In fact, Chazelle only directs the first two episodes of The Eddy – the driving force here is screenwriter and playwright Jack Thorne, who can boast credits on The Aeronauts and The Virtues in just the last year.
So while the frenetic portrait of a troupe of musicians in a Parisian jazz club sounds like some kind of dreamy and self-indulgent Chazelle joint, the execution, at once scattershot and sometimes superficial, proves itself to be the work of a much more diluted thought process.
Club owners Elliot (André Holland) and Farid (Tahar Rahim) jamming together
The story centres on Elliot Udo, played with brooding intensity by André Holland, who owns the club which gives the show its title. This isn’t strictly a story about showbusiness – there is little glitz and glamour to be found. Thorne, and initially Chazelle, are more interested in the shady corners, in what happens when your reputation runs away from you and too much attention can turn sour.
On paper, The Eddy ends up being some kind of mob drama, with violence, drugs, money dealings and betrayals. But in practice it’s a curious beast: each episode focuses on a different character orbiting Elliot – his daughter, Julie; the singer in the band and his on-off partner, Maja; his best friend’s wife, Amira, and so on – and yet the characterisation never feels rich enough, either of Elliot or of any of the others, to really create empathy.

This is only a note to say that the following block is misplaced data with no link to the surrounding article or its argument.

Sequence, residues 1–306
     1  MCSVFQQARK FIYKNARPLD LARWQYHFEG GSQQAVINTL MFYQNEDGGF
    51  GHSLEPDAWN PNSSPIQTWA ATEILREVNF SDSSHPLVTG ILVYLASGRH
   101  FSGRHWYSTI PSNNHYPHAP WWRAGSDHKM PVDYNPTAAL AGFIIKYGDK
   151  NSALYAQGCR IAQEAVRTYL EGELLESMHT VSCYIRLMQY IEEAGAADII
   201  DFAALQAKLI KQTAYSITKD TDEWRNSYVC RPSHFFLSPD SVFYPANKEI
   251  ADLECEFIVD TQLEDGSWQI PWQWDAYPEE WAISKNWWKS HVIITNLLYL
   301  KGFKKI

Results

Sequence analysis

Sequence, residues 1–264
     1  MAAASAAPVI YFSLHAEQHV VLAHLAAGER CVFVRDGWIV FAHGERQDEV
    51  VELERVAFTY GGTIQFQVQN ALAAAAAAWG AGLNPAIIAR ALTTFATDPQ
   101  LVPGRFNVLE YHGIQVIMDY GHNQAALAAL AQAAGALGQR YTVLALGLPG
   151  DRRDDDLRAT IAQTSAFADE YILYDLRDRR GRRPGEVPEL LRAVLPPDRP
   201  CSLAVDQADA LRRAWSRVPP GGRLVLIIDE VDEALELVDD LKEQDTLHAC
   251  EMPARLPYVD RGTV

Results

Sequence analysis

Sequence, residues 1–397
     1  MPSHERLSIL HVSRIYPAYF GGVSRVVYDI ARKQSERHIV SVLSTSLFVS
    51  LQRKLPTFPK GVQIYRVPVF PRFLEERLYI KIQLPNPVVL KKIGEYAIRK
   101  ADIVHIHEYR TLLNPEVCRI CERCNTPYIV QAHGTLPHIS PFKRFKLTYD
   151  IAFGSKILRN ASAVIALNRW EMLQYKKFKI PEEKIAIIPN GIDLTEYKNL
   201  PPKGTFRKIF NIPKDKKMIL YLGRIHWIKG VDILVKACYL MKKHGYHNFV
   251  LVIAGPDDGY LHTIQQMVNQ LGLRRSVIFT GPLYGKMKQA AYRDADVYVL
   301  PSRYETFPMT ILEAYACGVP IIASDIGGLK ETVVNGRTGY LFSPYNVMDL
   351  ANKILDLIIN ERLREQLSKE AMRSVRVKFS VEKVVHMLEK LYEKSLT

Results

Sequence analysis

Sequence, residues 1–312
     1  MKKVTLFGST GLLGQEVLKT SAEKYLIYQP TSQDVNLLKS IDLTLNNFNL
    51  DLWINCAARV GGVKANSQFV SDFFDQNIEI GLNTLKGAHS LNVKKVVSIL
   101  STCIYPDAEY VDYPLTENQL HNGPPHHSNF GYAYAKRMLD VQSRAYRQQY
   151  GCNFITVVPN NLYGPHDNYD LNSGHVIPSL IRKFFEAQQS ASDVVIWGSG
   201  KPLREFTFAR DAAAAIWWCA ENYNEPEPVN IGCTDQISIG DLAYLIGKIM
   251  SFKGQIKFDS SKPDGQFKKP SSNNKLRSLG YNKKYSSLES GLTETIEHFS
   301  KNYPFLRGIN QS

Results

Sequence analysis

This comes in part from the fact that dialogue is spoken in English, French and Arabic, with a peppering of Spanish and Polish as well. It’s not exactly confusing or unattractive, but it means that the viewer’s attention is further divided across every language, constantly adjusting to each new performance from the actor as they wrestle with words they are somewhat unfamiliar with.
Elliot with his estranged daughter, Julie (Amandla Stenberg)
The music itself is crooning and transporting, an effortless assembly to appreciate. But The Eddy concerns itself more with the dynamics between people, the unspoken disappointments and hidden betrayals, than their relationship to the art form.
Where Whiplash let the characters’ entire lives revolve around jazz, and La La Land used it as a defining tool to both kickstart and ultimately jeopardise a relationship, in The Eddy music is used as an illustrator, and a symptom of a dangerous situation, rather than a catalyst.
Not quite severe enough to earn the adrenaline of a mob movie, not entirely rich enough to survive as a passion project, The Eddy sits somewhere in the middle. Enjoy reliably emotive performances from Holland, and Amandla Stenberg as Julie, but ultimately hold tight for something more heartbreaking from Chazelle in a near or distant future.
|What||The Eddy, Netflix review|
08 May 20 – 08 May 21, ON NETFLIX
|Website||Click here for more information|